Sports Investment Firm Latest Target Of Dan Snyder’s Legal Team

    • Snyder’s lawyers seek communications between sports investment banking firm Moag & Company and an Indian media company.
    • The petitions seek to uncover the root of an alleged misinformation campaign launched against Snyder.

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Baltimore-based sports investment banking firm Moag & Company was among the latest targets of lawyers working on behalf of Washington Football Team owner Dan Snyder in a bid to uncover an alleged misinformation campaign that took place this summer, according to federal court documents obtained by Front Office Sports.

Moag & Company and website design company Precision were the focus of petitions filed in federal district courts on Sept. 15. The Section 1782 filings are part of a defamation lawsuit filed against Media Entertainment Arts WorldWide, a media company based in India. 

Snyder’s legal team asserted again in court documents that “flagrantly false statements” that included allegations of “sex trafficking, and a purported affiliation with sexual predator Jeffrey Epstein” were part of an effort to force Snyder to sell the team. 

Moag, a firm founded by John A. Moag, Jr. in 2001, contacted an unnamed “third-party to solicit an offer for the minority shares in the team” in early July, according to the Moag petition. 

While the Snyder petition isn’t a lawsuit, John A. Moag texted Front Office Sports the following when reached for comment: “Well, it has been a couple days now since he sued somebody.”

That conversation allegedly occurred as the team’s three minority owners — Dwight Schar, Robert Rothman and Frederick W. Smith — reportedly sought to sell their combined 40% stake in the team.

Days after the news that the minority owners were looking to sell their stake with the Washington Football Team, the petition alleges Moag stated that Snyder “would soon be forced to sell the team” in a conversation with a potential buyer.

“When the potential buyer challenged Mr. Moag and noted that based on the third-party’s knowledge, it was unlikely [Snyder] would be selling his interest in the team, Mr. Moag responded that [Snyder] would have no choice but to do so soon thereafter due to negative information that would be released imminently. Of course, the defamatory articles were published one week later, on July 16, 2020,” according to the petition.

One of the allegedly defamatory articles published by MEA WorldWide included, “utterly baseless speculation regarding whether a then-forthcoming Washington Post article about the Washington Football Team ‘would be about [Snyder’s] alleged involvement in sex trafficking[,]’ quoting several anonymous posters from the internet forum,” per the petition.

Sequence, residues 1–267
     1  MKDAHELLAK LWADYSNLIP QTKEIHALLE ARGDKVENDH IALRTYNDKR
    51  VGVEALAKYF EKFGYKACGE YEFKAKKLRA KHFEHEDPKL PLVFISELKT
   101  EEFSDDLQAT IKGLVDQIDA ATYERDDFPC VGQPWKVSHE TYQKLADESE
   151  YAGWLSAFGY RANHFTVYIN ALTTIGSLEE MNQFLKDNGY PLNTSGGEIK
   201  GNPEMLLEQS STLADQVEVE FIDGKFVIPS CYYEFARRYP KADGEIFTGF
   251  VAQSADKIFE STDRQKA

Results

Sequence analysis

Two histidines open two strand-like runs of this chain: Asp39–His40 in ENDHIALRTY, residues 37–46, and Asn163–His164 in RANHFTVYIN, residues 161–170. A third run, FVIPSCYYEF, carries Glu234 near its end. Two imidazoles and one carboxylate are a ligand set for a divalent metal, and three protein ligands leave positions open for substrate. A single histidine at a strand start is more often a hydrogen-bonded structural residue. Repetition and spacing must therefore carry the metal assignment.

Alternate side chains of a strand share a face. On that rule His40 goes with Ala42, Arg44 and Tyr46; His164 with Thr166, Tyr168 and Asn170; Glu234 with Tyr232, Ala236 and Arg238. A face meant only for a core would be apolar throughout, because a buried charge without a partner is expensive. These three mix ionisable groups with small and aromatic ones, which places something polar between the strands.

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The Washington Post published a story soon after that detailed allegations of sexual harassment and verbal abuse made by 15 former Washington Football Team employees. It did not include any allegations that Snyder was personally involved.

Both petitions seek the respective federal district courts to approve subpoenas for communications and documents between each company and MEA WorldWide.

Snyder filed the lawsuit in New Delhi in August and his attorneys have already had three Section 1782 petitions approved by federal magistrates in recent weeks.

The Washington metro area was abuzz this summer as Snyder — with the urging of FedEx CEO Smith — announced he would change the team’s name. The fervor continued — largely fueled by anonymous social media accounts — before The Washington Post published another story on Aug. 26 that detailed further allegations of sexual harassment made by 25 current and former Washington Football Team employees.

Alex Santos, the team’s pro personnel director, was fired and longtime radio voice Larry Michael retired during the newspaper’s reporting on the allegedly toxic workplace.

Snyder said in a statement after the story was published he was “unaware of these allegations until they surfaced in the media.” 

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The second story alleged Snyder invited a then-cheerleader to a hotel room with a friend. The article also alleged Michael made “outtakes of the recent cheerleader shoot” for Snyder. 

“I want to unequivocally state that this [hotel room allegation] never happened,” Snyder said in a statement. “Furthermore, I do not have any knowledge of the 10-year-old videos referenced in the story. I did not request their creation, and I never saw them.”

The team said it would conduct an independent investigation of the claims before Snyder and his wife, Tanya, announced in a statement on Aug. 31 that the NFL would take over the inquiry.

As toxic as the workplace was described in The Washington Post’s stories, none of the salacious details that Snyder’s lawyers alleged were put out by bot social media accounts were included as part of The Washington Post’s reporting. The Washington Post is not part of any defamation claims made by Snyder’s attorneys. 

“The entire campaign has been carried out with a premeditated object of tarnishing and maligning the hard earned reputation and goodwill of [Snyder] as part of a malicious campaign/ propaganda against [Snyder],” Snyder’s attorneys wrote in the lawsuit filed against MEA WorldWide. “That such abuse of the dominant position by the [MEA WorldWide] is against all canons of ethics especially when the object is to unfairly influence the reputation and good will of [Snyder] by spreading wrong and incorrect information in the minds of the people across the globe.”